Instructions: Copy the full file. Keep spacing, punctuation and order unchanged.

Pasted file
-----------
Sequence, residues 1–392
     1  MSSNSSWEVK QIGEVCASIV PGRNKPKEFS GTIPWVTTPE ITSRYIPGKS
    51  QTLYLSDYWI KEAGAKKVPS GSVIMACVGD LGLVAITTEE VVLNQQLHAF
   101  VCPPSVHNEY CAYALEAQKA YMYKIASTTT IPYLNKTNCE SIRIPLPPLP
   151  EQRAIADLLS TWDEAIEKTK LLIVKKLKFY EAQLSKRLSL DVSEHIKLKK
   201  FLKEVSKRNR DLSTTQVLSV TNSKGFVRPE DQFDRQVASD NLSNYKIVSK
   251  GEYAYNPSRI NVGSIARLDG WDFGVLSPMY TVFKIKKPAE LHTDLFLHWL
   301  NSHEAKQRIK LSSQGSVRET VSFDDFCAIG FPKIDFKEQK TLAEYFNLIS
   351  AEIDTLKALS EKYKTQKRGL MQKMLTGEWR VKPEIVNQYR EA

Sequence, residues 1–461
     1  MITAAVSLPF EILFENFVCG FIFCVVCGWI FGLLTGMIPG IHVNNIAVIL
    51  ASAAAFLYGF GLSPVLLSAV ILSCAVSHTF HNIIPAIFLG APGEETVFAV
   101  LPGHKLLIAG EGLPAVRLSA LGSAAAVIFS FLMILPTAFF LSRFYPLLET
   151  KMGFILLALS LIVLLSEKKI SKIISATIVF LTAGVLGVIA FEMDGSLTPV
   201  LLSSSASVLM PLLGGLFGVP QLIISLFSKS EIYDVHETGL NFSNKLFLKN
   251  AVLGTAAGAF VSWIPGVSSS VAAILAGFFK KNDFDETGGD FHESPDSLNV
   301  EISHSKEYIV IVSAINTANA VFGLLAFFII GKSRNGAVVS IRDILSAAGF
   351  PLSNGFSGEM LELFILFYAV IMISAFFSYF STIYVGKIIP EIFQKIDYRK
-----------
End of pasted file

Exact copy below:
Sequence, residues 1–392
     1  MSSNSSWEVK QIGEVCASIV PGRNKPKEFS GTIPWVTTPE ITSRYIPGKS
    51  QTLYLSDYWI KEAGAKKVPS GSVIMACVGD LGLVAITTEE VVLNQQLHAF
   101  VCPPSVHNEY CAYALEAQKA YMYKIASTTT IPYLNKTNCE SIRIPLPPLP
   151  EQRAIADLLS TWDEAIEKTK LLIVKKLKFY EAQLSKRLSL DVSEHIKLKK
   201  FLKEVSKRNR DLSTTQVLSV TNSKGFVRPE DQFDRQVASD NLSNYKIVSK
   251  GEYAYNPSRI NVGSIARLDG WDFGVLSPMY TVFKIKKPAE LHTDLFLHWL
   301  NSHEAKQRIK LSSQGSVRET VSFDDFCAIG FPKIDFKEQK TLAEYFNLIS
   351  AEIDTLKALS EKYKTQKRGL MQKMLTGEWR VKPEIVNQYR EA

Sequence, residues 1–461
     1  MITAAVSLPF EILFENFVCG FIFCVVCGWI FGLLTGMIPG IHVNNIAVIL
    51  ASAAAFLYGF GLSPVLLSAV ILSCAVSHTF HNIIPAIFLG APGEETVFAV
   101  LPGHKLLIAG EGLPAVRLSA LGSAAAVIFS FLMILPTAFF LSRFYPLLET
   151  KMGFILLALS LIVLLSEKKI SKIISATIVF LTAGVLGVIA FEMDGSLTPV
   201  LLSSSASVLM PLLGGLFGVP QLIISLFSKS EIYDVHETGL NFSNKLFLKN
   251  AVLGTAAGAF VSWIPGVSSS VAAILAGFFK KNDFDETGGD FHESPDSLNV
   301  EISHSKEYIV IVSAINTANA VFGLLAFFII GKSRNGAVVS IRDILSAAGF
   351  PLSNGFSGEM LELFILFYAV IMISAFFSYF STIYVGKIIP EIFQKIDYRK